The majority of us who receive and believe in myths do not do so out of malicious intent.  The majority of us who consume myths are simply misunderstood, considering we may never have had an opportunity to be exposed to the truths.

There will always be people who will hold onto their belief of a given myth after hearing a truth. When it comes to truths regarding ASDs and sexuality, it may take a while to absorb the facts.  However, most people are willing to listen if the information is delivered in a consistent and convincing manner.

The more voices and stories we hear from individuals, the closer we will be to dissolving this taboo. The unique aspects found in sexuality in general is not meant to be labeled as a social norm, but we can infuse it into our society to where it is not viewed as ‘subhuman’, ‘abnormal’, and any other term with a negative connotation.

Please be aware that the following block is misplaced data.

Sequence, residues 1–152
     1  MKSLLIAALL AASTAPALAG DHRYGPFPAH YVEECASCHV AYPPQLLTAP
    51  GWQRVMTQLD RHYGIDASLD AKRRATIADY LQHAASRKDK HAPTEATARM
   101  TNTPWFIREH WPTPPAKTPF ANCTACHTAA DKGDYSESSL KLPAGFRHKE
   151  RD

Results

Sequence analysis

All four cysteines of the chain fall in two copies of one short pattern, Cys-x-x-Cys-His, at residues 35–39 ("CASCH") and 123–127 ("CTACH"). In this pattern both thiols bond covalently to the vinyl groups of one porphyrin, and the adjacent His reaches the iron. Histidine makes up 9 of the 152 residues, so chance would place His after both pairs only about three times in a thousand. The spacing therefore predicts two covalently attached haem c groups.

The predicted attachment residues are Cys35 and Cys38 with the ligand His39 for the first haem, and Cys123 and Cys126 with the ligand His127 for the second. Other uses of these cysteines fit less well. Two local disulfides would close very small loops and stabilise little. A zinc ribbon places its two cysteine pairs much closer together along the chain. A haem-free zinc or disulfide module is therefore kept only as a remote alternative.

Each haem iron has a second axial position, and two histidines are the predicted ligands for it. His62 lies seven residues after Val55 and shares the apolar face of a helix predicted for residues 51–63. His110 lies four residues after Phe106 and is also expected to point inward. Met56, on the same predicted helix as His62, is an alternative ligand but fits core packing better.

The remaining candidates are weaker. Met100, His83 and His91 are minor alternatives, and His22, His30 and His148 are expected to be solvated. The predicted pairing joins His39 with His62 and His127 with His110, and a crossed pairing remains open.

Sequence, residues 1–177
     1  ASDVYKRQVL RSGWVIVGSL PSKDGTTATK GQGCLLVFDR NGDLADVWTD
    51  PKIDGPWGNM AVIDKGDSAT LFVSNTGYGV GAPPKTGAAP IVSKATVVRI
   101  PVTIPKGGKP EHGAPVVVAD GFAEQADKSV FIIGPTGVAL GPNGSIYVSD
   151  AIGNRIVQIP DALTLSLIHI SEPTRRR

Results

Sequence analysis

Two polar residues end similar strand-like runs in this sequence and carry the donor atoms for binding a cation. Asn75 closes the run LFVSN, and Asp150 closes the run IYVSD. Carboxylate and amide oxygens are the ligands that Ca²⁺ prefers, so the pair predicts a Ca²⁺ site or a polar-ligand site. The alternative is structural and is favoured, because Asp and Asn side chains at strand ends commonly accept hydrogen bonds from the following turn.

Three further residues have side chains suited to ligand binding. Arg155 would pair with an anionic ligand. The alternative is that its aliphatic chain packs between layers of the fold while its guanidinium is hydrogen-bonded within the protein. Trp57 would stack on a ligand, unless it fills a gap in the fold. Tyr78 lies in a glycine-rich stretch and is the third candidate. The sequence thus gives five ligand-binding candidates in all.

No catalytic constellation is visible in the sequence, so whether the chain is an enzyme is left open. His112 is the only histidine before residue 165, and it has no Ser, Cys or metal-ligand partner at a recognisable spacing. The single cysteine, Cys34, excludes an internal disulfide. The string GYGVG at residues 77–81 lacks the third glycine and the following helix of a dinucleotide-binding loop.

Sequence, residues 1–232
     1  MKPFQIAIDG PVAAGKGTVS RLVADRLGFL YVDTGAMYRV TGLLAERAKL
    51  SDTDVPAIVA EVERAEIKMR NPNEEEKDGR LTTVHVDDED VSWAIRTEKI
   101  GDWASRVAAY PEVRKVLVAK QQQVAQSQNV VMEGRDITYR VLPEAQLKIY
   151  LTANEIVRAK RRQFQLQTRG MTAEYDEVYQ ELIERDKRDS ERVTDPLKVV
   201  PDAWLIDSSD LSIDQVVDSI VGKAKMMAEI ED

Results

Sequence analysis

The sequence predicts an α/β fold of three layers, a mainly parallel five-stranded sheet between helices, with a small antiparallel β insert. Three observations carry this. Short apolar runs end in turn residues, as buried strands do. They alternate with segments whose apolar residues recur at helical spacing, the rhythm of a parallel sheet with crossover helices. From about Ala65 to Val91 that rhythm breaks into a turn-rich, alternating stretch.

So, what are the greatest myths of autism and sexuality? The answers can be found through the people who live with it themselves.  I recently reached out to fellow self-advocates via Twitter and email correspondence and posted the following:

What do you believe is most misunderstood about ASDs & sexuality, and what myths needs to be addressed in regards to ASDs & sexuality?

Here are the responses from a small group of adults on the spectrum who participated in the conversation…

 

 

I think the biggest myth is one that most people have about ASD individuals. That we don’t have feelings like “normal” people.

Wolfie (@wolfie74)

____

I think the biggest myth is that we’re incapable of feeling love or higher emotions at all.

TG (@outoutout)

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…that our people can’t, won’t, don’t want to or will never have a sexual or romantic relationship, so why teach consent?

Mand Hoskins (@Mandlovesgeeks)